3. Explanatory Notes1

Shipboard Scientific Party2


In this chapter, we have assembled information that will help the reader understand the basis for our preliminary conclusions and also help the interested investigator select samples for further analysis. This information concerns only shipboard operations and analyses described in the site reports in the Leg 179 Initial Reports volume of the Proceedings of the Ocean Drilling Program. Methods used by various investigators for shore-based analyses of Leg 179 data will be described in the individual scientific contributions published in the Scientific Results volume and in publications in various professional journals.

Authorship of Site Chapters

The separate sections of the site chapters were written by the following shipboard scientists (authors are listed in alphabetical order; no seniority is implied):

Leg Summary: Casey, Miller
Operations: Holloway, Miller, Pettigrew
Igneous Petrology and Geochemistry: Casey, Guo, Miller, Shibata, Thy
Metamorphic Petrology: Casey, Miller, Shibata
Structural Geology: Casey
Physical Properties: Miller, Rao
Downhole Measurements: Boissonnas, Einaudi, Hoskins, Myers
Seismic Experiments: Busby, Gerdom, Hoskins, Myers
Appendix: Shipboard Scientific Party

Numbering of Sites, Holes, Cores, and Samples

Drilling sites are numbered consecutively from the first site drilled by the Glomar Challenger in 1968. A site refers to one or more holes drilled while the ship was positioned over a single acoustic beacon. Multiple holes are often drilled at a single site by pulling the drill pipe above the seafloor (out of the hole), offsetting the ship some distance from the previous hole (without deploying a new acoustic beacon), and drilling another hole.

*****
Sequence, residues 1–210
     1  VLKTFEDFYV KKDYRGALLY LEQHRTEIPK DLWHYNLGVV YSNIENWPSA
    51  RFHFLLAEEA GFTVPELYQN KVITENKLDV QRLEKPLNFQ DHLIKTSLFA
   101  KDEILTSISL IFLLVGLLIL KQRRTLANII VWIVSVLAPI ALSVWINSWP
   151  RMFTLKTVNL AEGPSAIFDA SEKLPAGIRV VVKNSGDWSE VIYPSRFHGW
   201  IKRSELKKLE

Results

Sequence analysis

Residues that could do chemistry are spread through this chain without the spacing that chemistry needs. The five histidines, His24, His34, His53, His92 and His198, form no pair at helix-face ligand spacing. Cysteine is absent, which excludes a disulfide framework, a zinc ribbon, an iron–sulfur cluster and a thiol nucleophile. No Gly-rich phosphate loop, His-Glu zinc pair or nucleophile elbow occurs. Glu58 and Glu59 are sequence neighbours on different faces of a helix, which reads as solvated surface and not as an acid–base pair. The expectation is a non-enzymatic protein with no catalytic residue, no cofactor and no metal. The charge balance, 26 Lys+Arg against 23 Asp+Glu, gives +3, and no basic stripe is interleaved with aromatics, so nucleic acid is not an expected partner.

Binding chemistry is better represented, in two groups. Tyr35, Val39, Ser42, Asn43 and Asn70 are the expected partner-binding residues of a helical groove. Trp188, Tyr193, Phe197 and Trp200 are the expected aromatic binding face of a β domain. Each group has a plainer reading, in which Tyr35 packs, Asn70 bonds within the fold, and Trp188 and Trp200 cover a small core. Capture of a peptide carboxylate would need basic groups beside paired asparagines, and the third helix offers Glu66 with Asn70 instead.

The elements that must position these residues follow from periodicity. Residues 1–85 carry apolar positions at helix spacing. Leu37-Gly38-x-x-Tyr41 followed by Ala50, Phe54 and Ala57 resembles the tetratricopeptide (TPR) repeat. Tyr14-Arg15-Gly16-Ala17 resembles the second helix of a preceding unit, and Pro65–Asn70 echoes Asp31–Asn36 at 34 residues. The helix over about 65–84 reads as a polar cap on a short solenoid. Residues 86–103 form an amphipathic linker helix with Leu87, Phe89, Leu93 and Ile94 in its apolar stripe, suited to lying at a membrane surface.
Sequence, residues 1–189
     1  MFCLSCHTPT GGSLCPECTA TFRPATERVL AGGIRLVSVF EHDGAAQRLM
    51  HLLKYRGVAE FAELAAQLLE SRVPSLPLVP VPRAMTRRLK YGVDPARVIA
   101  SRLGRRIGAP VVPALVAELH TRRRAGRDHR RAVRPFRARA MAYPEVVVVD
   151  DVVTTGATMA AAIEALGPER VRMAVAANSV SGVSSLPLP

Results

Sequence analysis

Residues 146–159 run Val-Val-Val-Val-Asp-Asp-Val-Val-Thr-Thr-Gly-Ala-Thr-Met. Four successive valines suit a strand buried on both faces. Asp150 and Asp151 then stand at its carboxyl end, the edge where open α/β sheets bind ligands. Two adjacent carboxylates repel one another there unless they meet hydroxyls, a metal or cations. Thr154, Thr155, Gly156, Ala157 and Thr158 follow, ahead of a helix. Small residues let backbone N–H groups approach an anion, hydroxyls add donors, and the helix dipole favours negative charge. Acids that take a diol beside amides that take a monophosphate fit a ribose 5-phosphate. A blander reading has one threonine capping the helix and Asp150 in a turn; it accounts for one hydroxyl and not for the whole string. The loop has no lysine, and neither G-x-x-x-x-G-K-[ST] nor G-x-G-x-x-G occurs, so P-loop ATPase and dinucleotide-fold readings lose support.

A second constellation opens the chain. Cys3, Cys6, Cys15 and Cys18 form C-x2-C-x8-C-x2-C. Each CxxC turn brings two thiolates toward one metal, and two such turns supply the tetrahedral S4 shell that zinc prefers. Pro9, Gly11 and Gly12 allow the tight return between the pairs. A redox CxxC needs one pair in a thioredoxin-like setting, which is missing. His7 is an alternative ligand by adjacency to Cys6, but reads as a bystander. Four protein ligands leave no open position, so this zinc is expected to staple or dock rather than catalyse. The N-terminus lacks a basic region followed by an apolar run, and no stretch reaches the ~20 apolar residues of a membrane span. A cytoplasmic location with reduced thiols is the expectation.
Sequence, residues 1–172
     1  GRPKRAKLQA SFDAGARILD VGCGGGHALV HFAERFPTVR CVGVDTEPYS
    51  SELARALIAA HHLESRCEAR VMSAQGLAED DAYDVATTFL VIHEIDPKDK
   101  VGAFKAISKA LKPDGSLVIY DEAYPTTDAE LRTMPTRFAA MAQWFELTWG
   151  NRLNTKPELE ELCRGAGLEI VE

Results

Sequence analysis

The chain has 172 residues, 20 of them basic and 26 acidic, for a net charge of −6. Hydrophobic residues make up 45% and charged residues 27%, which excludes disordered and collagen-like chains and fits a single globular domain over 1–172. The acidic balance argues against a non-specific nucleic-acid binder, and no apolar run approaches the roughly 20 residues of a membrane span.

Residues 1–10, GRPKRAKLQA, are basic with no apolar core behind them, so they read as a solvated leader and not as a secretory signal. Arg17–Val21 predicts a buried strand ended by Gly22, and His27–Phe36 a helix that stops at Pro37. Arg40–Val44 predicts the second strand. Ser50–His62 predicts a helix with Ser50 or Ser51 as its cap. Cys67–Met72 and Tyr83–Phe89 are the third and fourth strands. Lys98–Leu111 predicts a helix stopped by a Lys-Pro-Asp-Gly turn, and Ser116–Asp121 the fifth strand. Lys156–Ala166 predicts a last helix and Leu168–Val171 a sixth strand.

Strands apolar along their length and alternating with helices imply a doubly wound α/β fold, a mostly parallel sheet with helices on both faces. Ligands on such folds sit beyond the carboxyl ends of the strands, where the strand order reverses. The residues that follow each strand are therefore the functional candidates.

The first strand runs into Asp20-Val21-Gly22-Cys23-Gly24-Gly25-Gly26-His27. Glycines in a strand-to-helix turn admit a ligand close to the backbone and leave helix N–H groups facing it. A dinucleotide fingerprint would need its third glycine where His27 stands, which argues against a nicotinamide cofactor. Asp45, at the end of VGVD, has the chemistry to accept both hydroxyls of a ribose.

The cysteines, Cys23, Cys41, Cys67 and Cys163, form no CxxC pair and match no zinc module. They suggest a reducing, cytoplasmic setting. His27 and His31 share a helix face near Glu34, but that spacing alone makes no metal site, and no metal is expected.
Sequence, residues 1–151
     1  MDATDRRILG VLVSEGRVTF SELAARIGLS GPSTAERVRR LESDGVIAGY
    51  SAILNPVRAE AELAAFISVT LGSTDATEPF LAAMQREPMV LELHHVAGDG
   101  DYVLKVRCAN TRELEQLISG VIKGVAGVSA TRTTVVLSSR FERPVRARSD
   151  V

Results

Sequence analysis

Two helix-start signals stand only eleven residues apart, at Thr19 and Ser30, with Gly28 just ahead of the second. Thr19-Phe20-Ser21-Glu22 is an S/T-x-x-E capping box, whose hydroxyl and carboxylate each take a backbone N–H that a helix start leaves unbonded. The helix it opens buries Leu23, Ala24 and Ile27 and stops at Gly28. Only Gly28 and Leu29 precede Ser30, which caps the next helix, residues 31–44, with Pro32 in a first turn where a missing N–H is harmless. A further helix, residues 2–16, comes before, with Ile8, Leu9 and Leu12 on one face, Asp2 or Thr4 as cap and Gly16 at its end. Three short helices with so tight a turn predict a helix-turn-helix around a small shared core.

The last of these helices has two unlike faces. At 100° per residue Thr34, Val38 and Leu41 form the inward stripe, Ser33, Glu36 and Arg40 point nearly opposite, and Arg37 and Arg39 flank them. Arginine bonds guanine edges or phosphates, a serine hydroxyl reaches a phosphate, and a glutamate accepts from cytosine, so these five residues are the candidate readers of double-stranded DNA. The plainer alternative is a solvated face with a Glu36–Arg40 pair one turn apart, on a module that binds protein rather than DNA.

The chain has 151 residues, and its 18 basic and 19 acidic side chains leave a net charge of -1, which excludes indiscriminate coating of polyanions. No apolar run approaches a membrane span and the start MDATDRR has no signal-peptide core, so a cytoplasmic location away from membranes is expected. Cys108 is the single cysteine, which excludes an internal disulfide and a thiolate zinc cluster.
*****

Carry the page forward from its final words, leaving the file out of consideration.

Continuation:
For all Ocean Drilling Program (ODP) drill sites, a letter suffix distinguishes each hole drilled at a single site. The first hole at a given site is assigned the suffix A, the second hole is designated with the same site number and assigned suffix B, and so on. Note that this procedure differs slightly from that used by the Deep Sea Drilling Project (Sites 1-624) but prevents ambiguity between site- and hole-number designations. These suffixes are assigned regardless of recovery, as long as penetration takes place. Distinguishing among holes drilled at a site is important because recovered rocks from different holes, particularly when recovery is less than 100%, are likely to represent different intervals in the cored section.

The cored interval is measured in meters below seafloor (mbsf); sub-bottom depths assigned to individual cores are determined by subtracting the drill-pipe measurement (DPM) water depth (the length of pipe from the rig floor to the seafloor) from the total DPM (from the rig floor to the bottom of the hole; see Fig. F1). Water depths below sea level are determined by subtracting the height of the rig floor above sea level from the DPM water depth. The depth interval assigned to an individual core begins with the depth below the seafloor at which the coring operation began and extends to the depth that the coring operation ended for that core (see Fig. F1). Each coring interval is equal to the length of the joint of drill pipe added for that interval (~9.4-10.0 m). The pipe is measured as it is added to the drill string, and the cored interval is usually recorded as the length of the pipe joint to the nearest 0.1 m. However, coring intervals may be shorter and may not be adjacent if separated by intervals drilled but not cored or washed intervals.

Cores taken from a hole are numbered serially from the top of the hole downward. Core numbers and their associated cored intervals (in mbsf) are usually unique in a given hole; however, this may not be true if an interval must be cored twice because of caving of cuttings or other hole problems. The maximum full recovery for a single core is 9.5 m of rock contained in a core barrel (6.6 cm internal diameter; Fig. F2). Only rotary core barrel bits were used for recovering core during Leg 179.